Avatar photo

By Brian Sokutu

Senior Print Journalist


Call to stand together as nation celebrates Boks getting to the semis

South Africa's Siya Kolisi rallied his team to an epic 29-28 win over France, drawing a passionate response from fans nationwide.


At the end of the gruelling 29-28 Rugby World Cup quarterfinal thriller against France at the packed Stade de France, Paris, on Sunday, captain Siya Kolisi said the victorious Bok team owed it to “the people of South Africa”. An overwhelming sea of blue-clad, hostile French supporters in the 80 000-capacity stadium with a sprinkling of Bok fans in green and gold could not dampen the spirit of the resilient South Africans. Professor Sihawu Ngubane of the University of KwaZulu-Natal’s faculty of tradition and culture said: “Sports and art are crucial in enhancing unity and friendship in our diverse South…

Subscribe to continue reading this article
and support trusted South African journalism

Access PREMIUM news, competitions
and exclusive benefits

SUBSCRIBE
Already a member? SIGN IN HERE

At the end of the gruelling 29-28 Rugby World Cup quarterfinal thriller against France at the packed Stade de France, Paris, on Sunday, captain Siya Kolisi said the victorious Bok team owed it to “the people of South Africa”.

An overwhelming sea of blue-clad, hostile French supporters in the 80 000-capacity stadium with a sprinkling of Bok fans in green and gold could not dampen the spirit of the resilient South Africans.

Professor Sihawu Ngubane of the University of KwaZulu-Natal’s faculty of tradition and culture said: “Sports and art are crucial in enhancing unity and friendship in our diverse South Africa.

“Sporting codes like rugby, have no colour, but carry a high level of patriotism.

Important to encourage all South Africans to embrace sports

“The government has already realised the essence of sports by creating a ministry that focuses on sport and that is appreciated.

“What is important now is to encourage all South Africans to embrace all sports without attaching race.

“We need to support white-dominated sports equally with soccer and other sporting activities designated for the black community.

“Government support can leverage this initiative further.”

ALSO READ: WATCH: Ramaphosa considers public holiday if Springboks win Rugby World Cup

University of South Africa political science Professor Dirk Kotzé said sport was “a unifying factor in any nation, although not dealing with core problems that citizens grapple with on a daily basis”.

“As sport becomes much more inclusive and diversified, it can play a very important role in creating national unity and common loyalty, solidarity, purpose and understanding,” said Kotzé.

In South Africa, the millions of Bok fans could not miss the opportunity to watch and show their support during the match, broadcast live on giant screens in pubs, taverns, homes and malls.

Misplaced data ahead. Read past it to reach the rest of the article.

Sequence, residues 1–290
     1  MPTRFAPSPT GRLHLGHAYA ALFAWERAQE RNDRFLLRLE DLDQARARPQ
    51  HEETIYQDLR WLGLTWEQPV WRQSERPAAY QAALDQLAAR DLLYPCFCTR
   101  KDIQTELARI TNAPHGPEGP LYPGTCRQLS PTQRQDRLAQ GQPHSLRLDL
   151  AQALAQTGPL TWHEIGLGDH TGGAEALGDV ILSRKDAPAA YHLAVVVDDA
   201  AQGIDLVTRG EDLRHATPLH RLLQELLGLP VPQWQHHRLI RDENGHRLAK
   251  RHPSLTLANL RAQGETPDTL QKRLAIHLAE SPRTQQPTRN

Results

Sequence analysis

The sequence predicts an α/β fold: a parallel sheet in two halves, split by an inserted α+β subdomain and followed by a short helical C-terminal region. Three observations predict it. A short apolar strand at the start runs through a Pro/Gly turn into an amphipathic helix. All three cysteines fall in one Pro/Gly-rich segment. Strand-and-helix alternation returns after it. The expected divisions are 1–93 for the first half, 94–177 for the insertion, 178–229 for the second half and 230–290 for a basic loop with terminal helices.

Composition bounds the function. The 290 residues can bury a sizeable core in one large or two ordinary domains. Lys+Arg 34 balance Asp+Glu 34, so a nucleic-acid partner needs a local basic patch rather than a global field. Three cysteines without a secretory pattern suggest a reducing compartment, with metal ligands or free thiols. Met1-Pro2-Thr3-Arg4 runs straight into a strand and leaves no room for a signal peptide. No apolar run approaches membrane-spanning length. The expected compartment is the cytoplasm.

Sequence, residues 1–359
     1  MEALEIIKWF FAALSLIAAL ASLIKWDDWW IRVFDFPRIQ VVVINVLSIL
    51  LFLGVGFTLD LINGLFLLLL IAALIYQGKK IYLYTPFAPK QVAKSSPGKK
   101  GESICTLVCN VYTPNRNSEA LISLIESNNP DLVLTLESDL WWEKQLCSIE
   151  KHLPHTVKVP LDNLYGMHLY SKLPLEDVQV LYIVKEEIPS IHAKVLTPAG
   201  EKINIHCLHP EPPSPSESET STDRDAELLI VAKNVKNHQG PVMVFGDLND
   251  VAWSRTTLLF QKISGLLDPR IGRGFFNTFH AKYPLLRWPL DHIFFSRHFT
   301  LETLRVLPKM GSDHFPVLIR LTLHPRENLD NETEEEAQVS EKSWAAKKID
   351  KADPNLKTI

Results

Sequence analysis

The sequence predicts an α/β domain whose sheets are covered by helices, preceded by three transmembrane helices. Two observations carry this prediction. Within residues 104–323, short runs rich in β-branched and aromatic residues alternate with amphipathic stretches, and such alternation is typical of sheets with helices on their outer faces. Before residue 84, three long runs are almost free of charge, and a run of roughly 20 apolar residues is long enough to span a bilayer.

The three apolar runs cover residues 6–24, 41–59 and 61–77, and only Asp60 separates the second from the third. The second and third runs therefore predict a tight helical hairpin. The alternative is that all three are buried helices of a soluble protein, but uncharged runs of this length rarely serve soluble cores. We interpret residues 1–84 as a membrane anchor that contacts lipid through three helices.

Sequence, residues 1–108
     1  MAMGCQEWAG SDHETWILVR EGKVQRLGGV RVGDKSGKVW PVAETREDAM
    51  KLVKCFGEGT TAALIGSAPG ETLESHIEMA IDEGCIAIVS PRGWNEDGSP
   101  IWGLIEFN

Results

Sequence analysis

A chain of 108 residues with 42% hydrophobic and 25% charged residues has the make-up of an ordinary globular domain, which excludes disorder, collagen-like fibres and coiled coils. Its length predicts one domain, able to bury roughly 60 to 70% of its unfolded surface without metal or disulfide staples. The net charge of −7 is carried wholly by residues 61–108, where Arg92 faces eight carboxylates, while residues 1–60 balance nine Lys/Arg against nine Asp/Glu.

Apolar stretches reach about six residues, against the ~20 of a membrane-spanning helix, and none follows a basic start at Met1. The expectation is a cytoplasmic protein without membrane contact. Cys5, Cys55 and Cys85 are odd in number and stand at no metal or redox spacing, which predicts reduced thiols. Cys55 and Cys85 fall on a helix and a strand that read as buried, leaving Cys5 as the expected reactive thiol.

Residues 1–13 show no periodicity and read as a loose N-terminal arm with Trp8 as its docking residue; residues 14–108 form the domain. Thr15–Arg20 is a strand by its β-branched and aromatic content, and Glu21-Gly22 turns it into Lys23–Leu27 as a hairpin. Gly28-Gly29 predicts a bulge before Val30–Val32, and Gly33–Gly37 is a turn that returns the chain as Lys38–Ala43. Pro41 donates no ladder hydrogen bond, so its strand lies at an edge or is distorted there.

Glued to the screens during the nail-biting game, South Africans hooted, shouted, screamed and broke into a song in disbelief and appreciation of the hard-earned victory, whether they were in Sandton, Soweto, Alexandra or Kolisi’s township of Zwide.

Win over France reminiscent of 1995

While South Africa faces a semifinal against England on Saturday and a possible final against the All Blacks, the win over France echoed scenes reminiscent of 1995, when the Springboks won the World Cup at Ellis Park for Nelson Mandela.

With South African flags and placards flying high at the end of the showdown, it united the country rallying behind the Boks.

There was some spirited debate on social media, with the Economic Freedom Fighters’ Mbuyiseni Ndlozi taking flack from users of X when responding to author Sizwe Mpofu-Walsh, who said the victor was “South Africa continuing the African trend of expelling France”.

Ndlozi said: “A white-dominated team expelling France in Africa – isn’t it just another Anglo-Boer War? Or, are you mobilise us in that fake rainbowism of ‘stronger together’?”

ALSO READ: IN PICTURES: The agony and the ecstasy from Boks’ win against France

Xer Tinyiko MkhuluBae hit back: “That white-dominated team was representing u.”

A Democratic Alliance councillor in eThekwini, Welekazi Ndiweni, said: “You guys don’t have the ability to read the room. The entire country was united behind the #Springboks and Wena you were busy with race-baiting nonsense.”

In hailing the Boks’ win as “a giant step towards Rugby World Cup glory”, President Cyril Ramaphosa yesterday conveyed his “warm and proud congratulations – and those of the nation”.

He applauded the 2023 host nation, France, “on a performance that made the encounter in Paris a tense and dramatic game”.

‘We are also together on days when we struggle’

“As a nation, we are proud of the Springboks’ advance to the semifinals in a game that was an incredible athletic display, as well as a metaphor for our country.

“We are, indeed, stronger together when we come together in our diversity and we create opportunities for people to live their passion, fulfil their potential and display their talents.

“But we are also together on days when we struggle…

“Out of the 20 nations in the World Cup, the Springboks delighted and inspired us, whether they were on the field, on the bench or in coaches’ box.

ALSO READ: Boks to take things one step at a time, says Pieter-Steph du Toit

“We wish the Springboks the very best…”

Forgotten at home, were a myriad of socioeconomic challenges: high unemployment, load shedding, potholes, water shortages, rampant crime and corruption.

Catch up with the latest news from The Citizen on WhatsApp by following our channel. To join, click here.

Read more on these topics

France Rugby Rugby World Cup

Access premium news and stories

Access to the top content, vouchers and other member only benefits